About percent-for-art principle
At different stages of their development, architecture and visual art have absorbed influences from each other by incorporating a number of common starting points and messages into their modes of expression. As an example, we can take the striking influence of abstract visual art on contemporary art architecture. At best the outcome of this interplay between architecture and visual art has been an integrated work of art.
The built environment is a combination of mental and material resources. Various types of cultural event, public visual-art acquisitions and projects enliven the cityscape, affecting people’s sense of space and strengthening their feeling of community. People’s image of an area, city or place reflects their more general conception of it. Mental impressions can be based on an existing abstract or concrete factor. That concrete factor might, for example, be an architectonic edifice or a public artwork. The everyday living environment and, through that, urban planning and design, play a significant role in individual development and wellbeing.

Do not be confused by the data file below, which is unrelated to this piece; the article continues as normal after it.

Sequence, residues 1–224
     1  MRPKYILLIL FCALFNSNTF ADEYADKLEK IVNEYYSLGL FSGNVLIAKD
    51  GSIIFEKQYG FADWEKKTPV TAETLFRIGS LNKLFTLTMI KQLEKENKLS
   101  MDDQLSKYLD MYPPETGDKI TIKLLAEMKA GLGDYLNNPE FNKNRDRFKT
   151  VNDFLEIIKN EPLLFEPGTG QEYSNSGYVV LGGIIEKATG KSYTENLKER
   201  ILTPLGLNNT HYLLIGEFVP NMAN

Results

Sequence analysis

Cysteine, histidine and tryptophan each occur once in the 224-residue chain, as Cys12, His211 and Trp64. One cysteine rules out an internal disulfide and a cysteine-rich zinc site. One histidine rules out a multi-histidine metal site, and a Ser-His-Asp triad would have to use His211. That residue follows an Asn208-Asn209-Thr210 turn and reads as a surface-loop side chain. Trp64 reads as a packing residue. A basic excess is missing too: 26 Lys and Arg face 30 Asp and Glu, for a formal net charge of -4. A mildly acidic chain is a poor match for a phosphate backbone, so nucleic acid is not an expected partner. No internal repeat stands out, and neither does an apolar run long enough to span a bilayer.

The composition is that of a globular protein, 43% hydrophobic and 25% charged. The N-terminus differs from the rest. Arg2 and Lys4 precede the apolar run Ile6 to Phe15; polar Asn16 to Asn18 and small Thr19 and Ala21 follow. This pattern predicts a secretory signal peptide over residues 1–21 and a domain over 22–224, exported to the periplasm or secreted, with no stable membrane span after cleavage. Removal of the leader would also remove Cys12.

The concepts of place, space and time, along with the inter-relationships between them form a fundamental part of public art. Site-specificness requires that the art be made for a single, selected spot, which has an effect on the meanings formed around it, or that it uses the place in question as its point of departure. Right from the acquisition phase, an effort is made to take into account where and how the work will be located in and occupy the space.
A natural future direction for developing and strengthening the percent-for-art principle could be regional-planning, land-use and town planning projects. The application of the percent-for-art principle in public art projects is one way of trying to meet the aim of the welfare society to create an enjoyable, stimulating living environment.